In addition, the estate sale company will need to consider what the estate is worth. If an estate sale company comes into the home and finds items such as fine art, a collection of jewelry, designer furniture, and large power tools, they are going to want to manage your estate sale knowing it will be very profitable. Because of that, they may actually offer you a lower estate sale commission rate in order to win your business and outbid other estate companies. If they see a lot of damaged furniture or old clothing, estate liquidators charge you a higher estate sale percentage, as the lower-value items mean they’ll be making less money for the same amount of work.

Go with the Estate Pros!

The Estate Pros are consistently ranked amongst the top estate liquidators in America as recognized by, and others. We specialize in working with families and individuals who are in need of residential liquidation, donation, cleanout and personal property appraisal services.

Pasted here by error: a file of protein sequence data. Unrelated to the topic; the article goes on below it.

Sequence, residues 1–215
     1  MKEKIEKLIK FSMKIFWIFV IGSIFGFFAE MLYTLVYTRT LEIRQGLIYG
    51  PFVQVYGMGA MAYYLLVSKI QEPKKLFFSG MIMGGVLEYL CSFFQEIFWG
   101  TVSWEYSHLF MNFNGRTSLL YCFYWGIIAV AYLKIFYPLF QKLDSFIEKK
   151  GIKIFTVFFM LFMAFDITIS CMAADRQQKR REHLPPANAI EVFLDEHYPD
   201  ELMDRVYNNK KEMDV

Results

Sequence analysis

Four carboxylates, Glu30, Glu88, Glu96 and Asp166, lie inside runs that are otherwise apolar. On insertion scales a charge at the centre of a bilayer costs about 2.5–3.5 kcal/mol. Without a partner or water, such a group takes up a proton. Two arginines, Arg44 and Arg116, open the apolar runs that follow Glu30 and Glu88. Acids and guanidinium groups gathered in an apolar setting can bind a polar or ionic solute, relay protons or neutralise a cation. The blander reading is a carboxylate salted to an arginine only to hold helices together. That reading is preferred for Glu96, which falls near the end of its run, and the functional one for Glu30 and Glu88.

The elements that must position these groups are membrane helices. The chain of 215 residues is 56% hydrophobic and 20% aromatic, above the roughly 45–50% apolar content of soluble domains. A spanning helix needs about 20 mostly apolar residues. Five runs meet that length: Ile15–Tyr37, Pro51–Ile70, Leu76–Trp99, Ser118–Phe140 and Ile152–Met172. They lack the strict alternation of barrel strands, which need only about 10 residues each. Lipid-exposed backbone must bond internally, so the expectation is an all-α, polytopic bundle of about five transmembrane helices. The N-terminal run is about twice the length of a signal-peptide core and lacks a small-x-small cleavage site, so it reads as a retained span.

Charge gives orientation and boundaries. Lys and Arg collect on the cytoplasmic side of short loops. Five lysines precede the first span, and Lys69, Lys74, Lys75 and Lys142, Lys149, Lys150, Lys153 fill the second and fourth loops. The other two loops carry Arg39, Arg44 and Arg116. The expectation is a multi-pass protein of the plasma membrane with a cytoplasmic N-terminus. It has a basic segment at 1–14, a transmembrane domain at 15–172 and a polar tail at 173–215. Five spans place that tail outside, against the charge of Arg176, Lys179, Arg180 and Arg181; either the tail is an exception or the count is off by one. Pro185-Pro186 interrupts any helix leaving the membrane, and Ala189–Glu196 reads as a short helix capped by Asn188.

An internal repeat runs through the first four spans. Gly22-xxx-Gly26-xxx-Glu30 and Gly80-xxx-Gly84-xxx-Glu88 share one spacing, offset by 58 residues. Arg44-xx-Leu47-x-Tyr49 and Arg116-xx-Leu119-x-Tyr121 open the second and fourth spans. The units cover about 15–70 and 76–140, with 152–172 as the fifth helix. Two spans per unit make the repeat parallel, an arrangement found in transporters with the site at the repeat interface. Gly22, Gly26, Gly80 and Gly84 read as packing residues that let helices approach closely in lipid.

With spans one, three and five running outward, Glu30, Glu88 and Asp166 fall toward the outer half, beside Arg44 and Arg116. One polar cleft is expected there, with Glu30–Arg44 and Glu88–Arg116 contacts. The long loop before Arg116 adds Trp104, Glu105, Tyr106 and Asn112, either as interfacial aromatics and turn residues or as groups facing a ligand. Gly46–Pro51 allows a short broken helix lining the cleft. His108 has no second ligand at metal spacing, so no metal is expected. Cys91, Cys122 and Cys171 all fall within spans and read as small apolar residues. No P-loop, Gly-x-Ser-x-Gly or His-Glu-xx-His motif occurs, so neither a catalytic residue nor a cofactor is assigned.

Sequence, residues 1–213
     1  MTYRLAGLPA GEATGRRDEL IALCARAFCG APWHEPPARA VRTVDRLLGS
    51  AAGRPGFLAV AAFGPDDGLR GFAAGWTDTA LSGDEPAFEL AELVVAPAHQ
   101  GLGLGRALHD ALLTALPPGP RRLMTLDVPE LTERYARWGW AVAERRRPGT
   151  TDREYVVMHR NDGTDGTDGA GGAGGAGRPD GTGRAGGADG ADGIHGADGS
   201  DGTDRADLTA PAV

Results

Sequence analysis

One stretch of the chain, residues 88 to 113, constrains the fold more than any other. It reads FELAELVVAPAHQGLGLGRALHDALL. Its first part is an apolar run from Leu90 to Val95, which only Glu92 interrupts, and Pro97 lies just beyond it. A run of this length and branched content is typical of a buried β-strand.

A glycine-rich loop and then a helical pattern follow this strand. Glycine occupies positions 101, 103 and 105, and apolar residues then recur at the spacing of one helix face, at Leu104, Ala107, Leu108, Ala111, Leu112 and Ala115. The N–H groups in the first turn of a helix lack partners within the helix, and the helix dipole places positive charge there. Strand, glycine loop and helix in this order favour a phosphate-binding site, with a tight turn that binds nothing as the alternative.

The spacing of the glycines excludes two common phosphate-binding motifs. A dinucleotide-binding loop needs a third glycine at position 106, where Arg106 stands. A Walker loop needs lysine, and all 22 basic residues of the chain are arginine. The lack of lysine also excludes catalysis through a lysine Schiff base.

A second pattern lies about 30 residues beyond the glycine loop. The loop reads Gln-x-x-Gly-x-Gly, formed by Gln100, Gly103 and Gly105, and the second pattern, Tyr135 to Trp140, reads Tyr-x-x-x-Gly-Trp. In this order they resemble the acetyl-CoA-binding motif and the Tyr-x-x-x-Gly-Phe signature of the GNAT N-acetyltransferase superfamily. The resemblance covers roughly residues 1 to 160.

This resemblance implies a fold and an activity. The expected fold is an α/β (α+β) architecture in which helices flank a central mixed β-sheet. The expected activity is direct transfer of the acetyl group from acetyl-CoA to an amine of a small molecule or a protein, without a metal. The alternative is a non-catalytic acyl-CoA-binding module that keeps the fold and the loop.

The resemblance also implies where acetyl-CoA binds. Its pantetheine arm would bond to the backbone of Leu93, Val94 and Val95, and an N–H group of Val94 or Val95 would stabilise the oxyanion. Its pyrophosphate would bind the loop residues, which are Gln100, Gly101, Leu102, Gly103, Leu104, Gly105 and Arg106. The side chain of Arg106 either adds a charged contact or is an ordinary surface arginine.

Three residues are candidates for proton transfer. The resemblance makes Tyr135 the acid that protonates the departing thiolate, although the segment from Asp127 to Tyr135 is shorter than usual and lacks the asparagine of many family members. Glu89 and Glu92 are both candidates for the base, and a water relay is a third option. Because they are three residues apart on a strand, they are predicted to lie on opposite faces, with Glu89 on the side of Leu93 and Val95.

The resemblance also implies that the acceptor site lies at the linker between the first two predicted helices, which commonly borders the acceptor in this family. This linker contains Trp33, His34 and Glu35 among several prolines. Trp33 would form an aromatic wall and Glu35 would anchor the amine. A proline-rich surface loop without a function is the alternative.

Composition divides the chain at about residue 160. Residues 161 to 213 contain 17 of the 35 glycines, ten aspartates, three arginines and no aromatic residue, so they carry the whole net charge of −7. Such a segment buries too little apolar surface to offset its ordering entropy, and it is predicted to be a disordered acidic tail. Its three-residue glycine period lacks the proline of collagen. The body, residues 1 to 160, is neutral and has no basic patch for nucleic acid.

The Estate Pros are an estate sale industry authority with hundreds of years of combined experience amongst our ownership and staff. Our owners, sales team, and support staff are held to the highest standards of professionalism and service. We treat each of our clients and shoppers with the utmost care, compassion and respect. Learn more about all of our Estate Sales services.

The Estate Pros pay meticulous attention to detail as we handle every aspect of the estate sale process from start to finish. Our experts will work with you from the initial free consultation to the complete execution of your event and everything in between.

You don’t need to lift a finger; we take care of everything for you! Thinking about hiring an Estate Sale Company? Contact the Estate Pros!!!

Thinking about hiring an Estate Sale Company?

Contact the Estate Pros!!!

Call 248-266-9817Free Consultation